The conversationJune 17, 2021 1:02:52 PM IST
The four-day G7 summit in Cornwall ended with little cause for celebration from anyone concerned about climate change. Most of the promises that emerged were relatively old news, with the UK repeating its £ 500 million pledge for ocean conservation efforts and the group reaffirming its commitment to end support for the production of coal abroad.
The leaders of (supposedly) the richest democracies in the world failed again accept new funds to help the poorest parts of the world invest in green technology and adapt to extreme weather conditions.
But more interesting than these promises and non-promises were the things that were not mentioned at all. One of the biggest unspeakable at the climate summit after the climate summit is how poorly we track contributions to global warming.
It is the elephant in the room at any meeting where leaders of rich countries discuss climate change: historical responsibility. Everyone knows that the G7 nations have contributed disproportionately to the global warming that has already occurred. But exactly how much more?
If you search online For which country has caused the most global warming, you will find a list of the number of countries that emit each year. Dig deeper and the next thing you’ll find is how much they have reduced their emissions since 1990. This favors mature economies whose emissions are declining. But for carbon dioxide, whose effects last almost indefinitely (and to a slightly lesser degree, nitrous oxide, a by-product of fertilizer production and use), it is the emissions accumulated over time that determine the contribution from a country to global warming, not emissions in any given year.
Focusing on current broadcasts is particularly kind to the G7 host. UK emissions have dropped dramatically since 1990, but the country started burp carbon dioxide out of its dark satanic mills nearly 100 years before the rest of the world realized it. A ton of carbon dioxide emitted by an English cotton mill in 1800 is today having exactly the same impact on global temperature as a ton of carbon dioxide emitted by a Vietnamese power plant in 2021.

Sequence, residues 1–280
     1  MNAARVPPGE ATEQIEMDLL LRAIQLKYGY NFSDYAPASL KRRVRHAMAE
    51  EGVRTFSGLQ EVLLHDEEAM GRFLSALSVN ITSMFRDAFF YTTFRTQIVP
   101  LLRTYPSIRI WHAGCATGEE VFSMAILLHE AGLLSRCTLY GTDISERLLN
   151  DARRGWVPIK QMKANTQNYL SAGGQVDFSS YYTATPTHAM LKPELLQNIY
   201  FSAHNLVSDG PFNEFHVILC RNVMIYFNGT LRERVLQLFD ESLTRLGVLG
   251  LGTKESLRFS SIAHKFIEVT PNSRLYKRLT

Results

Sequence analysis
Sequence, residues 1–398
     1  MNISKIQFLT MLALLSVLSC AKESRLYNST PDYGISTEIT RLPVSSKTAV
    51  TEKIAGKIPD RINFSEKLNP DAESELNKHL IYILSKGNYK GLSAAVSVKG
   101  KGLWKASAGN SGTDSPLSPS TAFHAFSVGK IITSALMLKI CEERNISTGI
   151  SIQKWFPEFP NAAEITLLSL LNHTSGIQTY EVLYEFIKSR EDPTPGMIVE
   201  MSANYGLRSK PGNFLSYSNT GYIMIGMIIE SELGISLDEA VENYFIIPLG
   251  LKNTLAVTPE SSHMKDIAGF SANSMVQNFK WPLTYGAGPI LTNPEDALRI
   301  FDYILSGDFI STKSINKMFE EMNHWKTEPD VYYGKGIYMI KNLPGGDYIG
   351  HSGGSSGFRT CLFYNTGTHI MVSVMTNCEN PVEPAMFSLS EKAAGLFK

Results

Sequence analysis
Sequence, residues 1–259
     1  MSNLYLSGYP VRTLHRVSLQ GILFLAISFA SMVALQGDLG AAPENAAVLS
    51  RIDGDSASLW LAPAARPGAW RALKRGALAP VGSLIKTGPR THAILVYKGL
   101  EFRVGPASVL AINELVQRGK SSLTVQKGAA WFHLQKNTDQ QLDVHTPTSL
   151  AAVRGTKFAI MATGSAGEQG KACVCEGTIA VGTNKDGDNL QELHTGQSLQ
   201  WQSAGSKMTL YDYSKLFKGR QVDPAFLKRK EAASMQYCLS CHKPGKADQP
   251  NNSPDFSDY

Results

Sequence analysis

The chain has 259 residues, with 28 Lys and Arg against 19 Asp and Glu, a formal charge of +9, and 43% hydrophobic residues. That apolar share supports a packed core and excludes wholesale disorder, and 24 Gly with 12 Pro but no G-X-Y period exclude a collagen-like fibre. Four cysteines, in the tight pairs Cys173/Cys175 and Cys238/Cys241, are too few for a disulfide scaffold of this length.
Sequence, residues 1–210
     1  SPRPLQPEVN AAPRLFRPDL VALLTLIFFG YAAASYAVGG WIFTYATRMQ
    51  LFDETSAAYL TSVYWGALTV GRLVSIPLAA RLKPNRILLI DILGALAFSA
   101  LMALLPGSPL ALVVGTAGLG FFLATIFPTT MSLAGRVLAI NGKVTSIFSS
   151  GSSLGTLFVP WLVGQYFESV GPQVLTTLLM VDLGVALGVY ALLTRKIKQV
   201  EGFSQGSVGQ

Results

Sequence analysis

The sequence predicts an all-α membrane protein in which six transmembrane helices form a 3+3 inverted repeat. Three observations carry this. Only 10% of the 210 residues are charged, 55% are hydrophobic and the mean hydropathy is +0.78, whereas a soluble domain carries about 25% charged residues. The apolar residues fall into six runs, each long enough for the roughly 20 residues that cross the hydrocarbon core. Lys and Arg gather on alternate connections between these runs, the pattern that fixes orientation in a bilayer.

Brazil promoted in effort quantify country-level contributions to global warming in the 2000s, but was quietly allowed to die. Currently, the United Nations Framework Convention on Climate Change (UNFCCC), the main forum for international climate action, only requires countries to report their contributions to emissions, not warming. And everyone else, from corporations to personal carbon footprint calculators, follows suit.
“Is not the same?” you might ask. Unfortunately, No. The method that the UNFCCC has chosen to report emissions reflects its effect on the balance between the energy the Earth absorbs from the Sun and the energy it emits into space during the 100 years after the date of emission. This is somewhat related to its effect on global temperature, but it is far from the same.
For emissions that accumulate in the atmosphere over decades or centuries, such as carbon dioxide and nitrous oxide, the distinction does not matter. But for methane and a host of other climate pollutants that persist from a few days to a couple of decades, of great importance. Any country that is contemplating the creation of a hydraulic fracturing industry (notorious for methane leaks) can rest assured that it will be 100 years before the warming effect of their fugitive methane emissions is accurately reflected in their reports to the UNFCCC.
Landing the plane with one eye closed
In the Paris Agreement, the world set itself a very ambitious goal. The main objective is not about emissions, but to limit the increase in global average temperature to “well below 2 ° C”, making efforts to limit warming to 1.5 ° C if possible.
That is good. In general, the effects of climate change depend on how much we warm the planet in general, not on warming on a certain date, or the rate of emissions and warming at a given time, and certainly not on the planetary energy imbalance added over a time horizon arbitrary. . But right now, it is impossible to take stock of progress towards this temperature target because countries, in their plans for 2030 and beyond, only report aggregate emissions using this rather strange accounting system that does not reflect the effect of these emissions. in global temperature. .
If rich countries like the G7 are serious about stopping global warming, a good start might be to clarify who and what is causing it. There is no prospect of the UNFCCC changing its accounting system, but it allows countries to present additional information if they consider it relevant.
And what could be more relevant than the actual contributions to global warming? At COP26, the Glasgow climate conference in November 2021, the G7 nations could step up and declare that from now on they will report, in addition to their emissions, how much warming they have already caused, how much they continue to cause, and how much they propose. . cause in the future.
All the information exists. Contributions to warming can be calculated using exactly the same formulas used for the UNFCCC’s own emissions reporting. It’s simply a matter of posting the numbers and encouraging everyone else to do the same.
It’s not just about exposing the guilty rich. Recognizing what is causing the warming should focus attention on what it takes to stop it. And if we add the planned contributions of the G7 to future warming, regardless of the contributions of China, India and the rest, it will soon become clear that not only do we need to stop causing global warming as soon as possible, but we also need to be able to reverse it by taking out the dioxide. of carbon from the atmosphere and storing it, No danger other permanently, somewhere else. Another topic that they prefer to avoid in the climatic summits.
Myles allen, Professor of Geosystem Sciences, Director of Oxford Net Zero, University of Oxford